Photo Essay: Delhi’s Red Fort, Stories Told and Untold


Viceroy’s Lodge [now Rashtrapati Bhawan], the epicentre of colonial rule in British India.

The new imperial capital was embellished with purpose-built shopping arcades, residential areas, and grand churches keeping British tastes and needs in mind.

Sir Edwin Lutyens’ dream to create New Delhi as a garden city lives on in its wide tree-lined boulevards.

A new chapter. New rulers. And their desire to showcase their might over the Indian subcontinent.

The 1857 First War of Independence had more ramifications than one. It brought the Mughal Empire to its end, and established in its place the British Crown as the new rulers of India with Kolkata as the imperial capital.

However, Kolkata was too far to the east, with rising rebellions against the colonial rulers.

Delhi, the historical capital placed more centrally, seemed to be a better choice. There were Hindu legends tied to it, identifying it as Indraprastha, the capital city of the Pandavas in the Hindu epic Mahabharata. Both the Delhi Sultanate and Mughal Empire had used it as their seat of power. Moving to Delhi would signify divine continuity!

So, on 12 December, 1911 at the Great Delhi Durbar marking the coronation of King George V and Queen Mary, the proclamation was made: New Delhi was to be the British Raj’s new imperial capital.

A site was earmarked to the south of Shahjahanabad, and for the next twenty years construction carried out in full swing under the leadership of the Viceroy, Sir Edwin Lutyens, and Herbert Baker.

The outcome of this building marathon was a series of architectural masterpieces built to last a thousand years. That is how long the British saw themselves ruling the ‘Jewel in their Crown.’

Viceroy’s Lodge, a 340-roomed sandstone extravaganza, was erected on Raisina Hill, flanked by the North and South Blocks of the Secretariat, and the Council House. Across the manicured lawns stood War Memorial on the lines of the Arc De Triomphe.

Henry Alexander Medd’s Sacred Heart Cathedral and Cathedral Church of the Redemption provided spiritual guidance to the British officers and their families who lived in whitewashed colonnaded bungalows in large gardens on tree-lined boulevards. Connaught Place, the new commercial district, became the place to be and be seen.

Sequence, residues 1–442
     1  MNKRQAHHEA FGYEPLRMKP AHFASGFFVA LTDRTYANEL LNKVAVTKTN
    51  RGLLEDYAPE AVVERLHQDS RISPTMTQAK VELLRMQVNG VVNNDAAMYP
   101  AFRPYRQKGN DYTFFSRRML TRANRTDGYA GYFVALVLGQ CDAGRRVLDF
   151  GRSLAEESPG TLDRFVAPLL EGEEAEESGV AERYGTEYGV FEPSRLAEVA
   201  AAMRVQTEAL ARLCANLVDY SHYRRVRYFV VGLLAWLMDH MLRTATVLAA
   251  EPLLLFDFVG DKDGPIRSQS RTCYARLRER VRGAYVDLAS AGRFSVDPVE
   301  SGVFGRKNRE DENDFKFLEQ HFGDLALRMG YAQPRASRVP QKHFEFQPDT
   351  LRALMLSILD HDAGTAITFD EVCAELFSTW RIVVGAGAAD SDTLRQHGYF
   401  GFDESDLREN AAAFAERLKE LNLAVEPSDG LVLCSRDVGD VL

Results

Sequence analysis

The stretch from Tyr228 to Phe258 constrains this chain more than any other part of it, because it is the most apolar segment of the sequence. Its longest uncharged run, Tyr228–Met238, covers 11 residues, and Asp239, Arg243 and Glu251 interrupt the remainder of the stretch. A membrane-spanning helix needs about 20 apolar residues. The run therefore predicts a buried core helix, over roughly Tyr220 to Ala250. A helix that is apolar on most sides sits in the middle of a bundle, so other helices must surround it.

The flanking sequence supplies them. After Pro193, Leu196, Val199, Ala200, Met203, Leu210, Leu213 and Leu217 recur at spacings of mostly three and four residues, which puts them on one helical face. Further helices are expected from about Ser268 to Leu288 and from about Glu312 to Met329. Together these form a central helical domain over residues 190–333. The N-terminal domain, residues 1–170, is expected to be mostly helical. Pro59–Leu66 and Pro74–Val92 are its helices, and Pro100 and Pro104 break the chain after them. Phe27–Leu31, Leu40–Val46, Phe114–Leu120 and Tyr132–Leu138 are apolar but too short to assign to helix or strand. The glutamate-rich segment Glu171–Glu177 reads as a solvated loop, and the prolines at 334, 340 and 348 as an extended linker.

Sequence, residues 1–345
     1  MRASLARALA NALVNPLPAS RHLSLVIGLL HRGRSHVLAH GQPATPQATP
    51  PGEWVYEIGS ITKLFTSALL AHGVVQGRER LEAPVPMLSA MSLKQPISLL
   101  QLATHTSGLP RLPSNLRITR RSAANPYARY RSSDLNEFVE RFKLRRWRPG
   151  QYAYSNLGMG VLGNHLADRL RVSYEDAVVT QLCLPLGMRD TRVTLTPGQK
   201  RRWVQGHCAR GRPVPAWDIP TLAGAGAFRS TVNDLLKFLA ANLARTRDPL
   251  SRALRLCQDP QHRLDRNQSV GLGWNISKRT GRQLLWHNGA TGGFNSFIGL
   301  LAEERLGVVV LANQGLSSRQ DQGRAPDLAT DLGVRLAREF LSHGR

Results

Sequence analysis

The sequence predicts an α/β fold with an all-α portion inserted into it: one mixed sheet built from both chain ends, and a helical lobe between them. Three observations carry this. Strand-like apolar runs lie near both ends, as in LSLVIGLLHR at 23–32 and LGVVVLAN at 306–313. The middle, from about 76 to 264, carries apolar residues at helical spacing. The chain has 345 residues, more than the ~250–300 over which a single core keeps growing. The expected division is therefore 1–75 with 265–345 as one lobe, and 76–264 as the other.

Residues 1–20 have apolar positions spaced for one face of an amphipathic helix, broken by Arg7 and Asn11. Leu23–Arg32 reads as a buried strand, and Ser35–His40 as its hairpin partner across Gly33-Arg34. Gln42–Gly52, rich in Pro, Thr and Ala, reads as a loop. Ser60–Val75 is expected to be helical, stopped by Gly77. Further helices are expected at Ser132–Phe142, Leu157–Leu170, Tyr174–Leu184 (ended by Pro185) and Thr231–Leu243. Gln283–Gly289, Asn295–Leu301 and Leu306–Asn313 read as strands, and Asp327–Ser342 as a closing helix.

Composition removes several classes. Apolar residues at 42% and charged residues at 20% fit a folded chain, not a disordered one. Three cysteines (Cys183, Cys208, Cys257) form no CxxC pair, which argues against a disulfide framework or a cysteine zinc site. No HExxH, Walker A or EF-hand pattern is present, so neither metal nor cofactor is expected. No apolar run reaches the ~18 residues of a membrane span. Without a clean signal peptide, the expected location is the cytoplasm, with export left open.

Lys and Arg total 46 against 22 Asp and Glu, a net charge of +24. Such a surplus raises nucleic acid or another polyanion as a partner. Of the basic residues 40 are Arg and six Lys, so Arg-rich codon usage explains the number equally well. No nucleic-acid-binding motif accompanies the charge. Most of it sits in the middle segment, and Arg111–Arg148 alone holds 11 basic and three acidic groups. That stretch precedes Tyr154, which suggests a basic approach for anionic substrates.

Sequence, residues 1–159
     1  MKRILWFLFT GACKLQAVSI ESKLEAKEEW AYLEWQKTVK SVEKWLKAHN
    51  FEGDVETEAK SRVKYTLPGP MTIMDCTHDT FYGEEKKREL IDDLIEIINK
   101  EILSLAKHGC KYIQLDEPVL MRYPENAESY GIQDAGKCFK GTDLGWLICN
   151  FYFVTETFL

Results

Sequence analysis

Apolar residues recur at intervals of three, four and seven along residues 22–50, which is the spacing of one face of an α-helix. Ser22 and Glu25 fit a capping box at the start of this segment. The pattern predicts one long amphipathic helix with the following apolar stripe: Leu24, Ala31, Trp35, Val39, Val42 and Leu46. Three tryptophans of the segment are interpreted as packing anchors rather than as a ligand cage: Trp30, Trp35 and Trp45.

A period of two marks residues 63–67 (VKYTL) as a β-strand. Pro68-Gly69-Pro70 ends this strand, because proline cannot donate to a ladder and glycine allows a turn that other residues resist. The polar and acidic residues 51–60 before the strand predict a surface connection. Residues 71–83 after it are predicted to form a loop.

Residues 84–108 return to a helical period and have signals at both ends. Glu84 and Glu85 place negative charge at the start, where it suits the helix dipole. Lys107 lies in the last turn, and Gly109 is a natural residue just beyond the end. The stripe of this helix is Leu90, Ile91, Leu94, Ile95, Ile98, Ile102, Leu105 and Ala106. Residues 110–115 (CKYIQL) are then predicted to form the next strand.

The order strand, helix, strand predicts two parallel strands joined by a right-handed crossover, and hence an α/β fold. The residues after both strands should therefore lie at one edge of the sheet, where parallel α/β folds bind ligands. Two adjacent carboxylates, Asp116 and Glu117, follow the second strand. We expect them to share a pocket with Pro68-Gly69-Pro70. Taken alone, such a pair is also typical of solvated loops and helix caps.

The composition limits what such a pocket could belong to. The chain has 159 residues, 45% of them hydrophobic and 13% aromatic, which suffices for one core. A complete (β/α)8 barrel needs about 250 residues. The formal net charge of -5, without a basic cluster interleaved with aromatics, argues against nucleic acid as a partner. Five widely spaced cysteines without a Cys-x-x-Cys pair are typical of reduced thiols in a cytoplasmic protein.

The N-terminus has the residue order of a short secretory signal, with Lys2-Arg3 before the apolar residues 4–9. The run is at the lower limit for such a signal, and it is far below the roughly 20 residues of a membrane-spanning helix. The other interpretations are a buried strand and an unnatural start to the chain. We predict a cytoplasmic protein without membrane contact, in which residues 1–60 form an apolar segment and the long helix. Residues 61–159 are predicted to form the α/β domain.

New Delhi had been born.

Sixteen years later, in 1947, the colonial rulers were deposed.

And New Delhi became Modern Free India’s capital as well. ❤

NOTE: You may also like to read
A Travel Guide to Colonial Delhi
New Delhi’s Most Beautiful Church: Cathedral Church of the Redemption

– – –

Map of Delhi’s 7 historical cities and Lutyens’ New Delhi
Source: indiastudychannel.com

– – –

Travel tips and references:
I explored the above eight cities of Delhi through multiple trips over ten months using a mix of independent explorations based on binge reading and watching documentaries, audio guides, and heritage walks. Here are some of them:

  • The fabulous documentary series on Rajya Sabha TV Talking History Season 1.
  • The in-depth practical guidebook Delhi: 14 Historic Walks by Swapna Liddle.
  • Captiva Tour Audio Guides, a goldmine of fascinating insights developed by Ravishankar Iyer and Siddhartha Kongara. [Sadly, it has since shut shop].
  • Guided heritage walks. Please note none of the below have a walk schedule so you’ll have to keep an eye on their Instagram handles [links included]:
    1. Intach Delhi [for short, factual, sanitized walks]
    2. Sair E Hind [for small group, Indiana Jones-styled long discovery walks]
    3. Unfold Delhi [for in-depth, illustrated walks]
    4. Delhi By Foot [for storytelling-based walks combined with food]
    5. City Tales [for large (+60) seminar-type walks with a Q&A at the end]
    6. Karwaan Heritage [walks led by university students and professors]
    7. Darwesh Taleweavers [for walks combined with dramatized readings]

24 thoughts on “a heritage buff’s guide to the eight cities of delhi

        • Happy to read that you chose to beg to differ. 🙂 I often feel one needs to know where to look in Delhi, as well as understand Delhi’s history. It’s true for any place, but more so for Delhi which can be overwhelming with its size, crowds, and chaos. Without the two, where to look and what these monuments mean, they are just ruins tucked away here and there. But if one knows the stories they contain, and how they all weave together, they become heritage treasures.

          Liked by 1 person

    • I know it has a bad reputation. But from personal experience, I can honestly say, I have found it incredibly safe and the people super warm and helpful. I have travelled across it, to all its sights, at all times of the day and year, on my own, and not had a single bad experience. Maybe I have been lucky. 🙂 But I am grateful that the city has always treated me very kindly.

      Liked by 1 person

  1. Pingback: the story of qutub minar | rama toshi arya's blog